I can't remember where I first read about this novel, but the premise really grabbed me. I'm generally a sucker for time travel and this one sounded unique. Unfortunately, the premise was more captivating than the novel as a whole. The book goes from interesting to obnoxious as our unnamed narrator eventually encounters a dozen or so of his future selves, each telling him to pursue one thing, and the next telling him it won't work, instead he should do something equally as odd. This goes on for three hundred pages and by the end it just feels trite.
Overall, the novel seems to convey the idea that no matter what path you take in life, you will get shit on eventually. It may be true that one path will lead to more happiness and satisfaction than the other, but you will undeniably encounter some level of discontent regardless.
You still don't understand do you? There is no certain path to fame or happiness. The best you can hope for is to attempt to understand the mystery or existence and attain some measure of inner peace.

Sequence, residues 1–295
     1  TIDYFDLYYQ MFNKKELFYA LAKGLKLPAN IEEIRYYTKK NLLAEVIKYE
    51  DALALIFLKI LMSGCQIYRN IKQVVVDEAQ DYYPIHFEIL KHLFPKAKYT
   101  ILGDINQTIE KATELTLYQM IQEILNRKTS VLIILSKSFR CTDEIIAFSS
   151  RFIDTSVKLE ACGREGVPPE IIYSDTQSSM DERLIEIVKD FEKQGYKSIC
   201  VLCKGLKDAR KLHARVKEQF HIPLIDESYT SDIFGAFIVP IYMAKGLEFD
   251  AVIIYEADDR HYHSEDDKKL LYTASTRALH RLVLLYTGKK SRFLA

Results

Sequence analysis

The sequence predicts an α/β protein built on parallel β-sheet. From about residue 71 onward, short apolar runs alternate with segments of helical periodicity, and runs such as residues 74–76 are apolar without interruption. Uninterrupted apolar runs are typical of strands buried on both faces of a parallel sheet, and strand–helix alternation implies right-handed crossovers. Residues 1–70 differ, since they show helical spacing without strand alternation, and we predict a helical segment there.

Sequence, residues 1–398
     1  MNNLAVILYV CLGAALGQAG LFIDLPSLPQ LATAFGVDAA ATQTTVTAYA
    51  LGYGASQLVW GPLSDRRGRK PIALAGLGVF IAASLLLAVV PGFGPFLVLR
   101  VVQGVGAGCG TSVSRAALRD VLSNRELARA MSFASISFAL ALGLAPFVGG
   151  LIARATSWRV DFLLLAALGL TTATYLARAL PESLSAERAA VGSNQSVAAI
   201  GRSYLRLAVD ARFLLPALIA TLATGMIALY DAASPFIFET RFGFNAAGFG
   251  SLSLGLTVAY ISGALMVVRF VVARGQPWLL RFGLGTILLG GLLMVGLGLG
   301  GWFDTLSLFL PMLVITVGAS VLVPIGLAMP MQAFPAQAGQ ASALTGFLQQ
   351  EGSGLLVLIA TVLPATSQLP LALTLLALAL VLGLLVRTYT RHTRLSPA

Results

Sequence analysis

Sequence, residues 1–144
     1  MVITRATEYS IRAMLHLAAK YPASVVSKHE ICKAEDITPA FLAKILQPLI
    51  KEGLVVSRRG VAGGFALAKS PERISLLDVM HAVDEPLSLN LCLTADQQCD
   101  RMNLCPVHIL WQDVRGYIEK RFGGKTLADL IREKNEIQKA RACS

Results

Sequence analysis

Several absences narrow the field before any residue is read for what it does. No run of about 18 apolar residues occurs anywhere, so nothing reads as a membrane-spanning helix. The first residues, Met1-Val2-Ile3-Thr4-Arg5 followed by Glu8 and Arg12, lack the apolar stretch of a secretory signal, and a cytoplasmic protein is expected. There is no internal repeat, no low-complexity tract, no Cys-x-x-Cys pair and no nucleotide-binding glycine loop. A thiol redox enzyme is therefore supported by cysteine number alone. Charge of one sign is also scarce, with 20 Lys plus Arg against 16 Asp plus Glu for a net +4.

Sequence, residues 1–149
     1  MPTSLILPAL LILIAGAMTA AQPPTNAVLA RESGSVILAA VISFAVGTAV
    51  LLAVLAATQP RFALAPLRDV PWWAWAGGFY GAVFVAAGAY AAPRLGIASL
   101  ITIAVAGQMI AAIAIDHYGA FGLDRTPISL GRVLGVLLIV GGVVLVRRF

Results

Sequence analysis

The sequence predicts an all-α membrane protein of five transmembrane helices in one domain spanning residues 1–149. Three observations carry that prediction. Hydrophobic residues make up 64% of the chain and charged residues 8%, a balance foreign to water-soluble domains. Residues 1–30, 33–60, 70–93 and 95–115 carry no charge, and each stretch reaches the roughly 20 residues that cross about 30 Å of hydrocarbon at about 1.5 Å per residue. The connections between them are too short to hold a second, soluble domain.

The book could easily be edited down to 250 pages or so (from 385) removing superfluous conversations that serve as metaphors for time and destiny. In addition, if an author is going to use time travel as a plot device, I think he or she should also include some sort of explanation as to how this time travel works. Audrey Niffeneger attibuted it to a genetic mutation, Stephen King detailed a storeroom portal that takes you back to the same day in 1958 each time you enter it. But in Q, we have a brief dialog that really just glazes over the subject all together, explaining one doesn't need to understand how something works in order to draw from its benefits. I don't need a detailed account of the science behind said time travel, but give a girl something to work with. For instance, do you age while you travel back in time? How long does it take to travel? Is it instantaneous? The fact that Mandery didn't include any nuts or bolts relating to time travel made the majority of the plot seem unauthentic.
Finally, for an ending that boasts it will warm even the coldest of hearts, it really felt lackluster. I was expecting a tsunami of emotions, and I got the tiniest of splashes. I consider myself a pretty warm-hearted person and I am moved by stories fairly easily. This one just missed the mark.
Publisher: Harper, 2011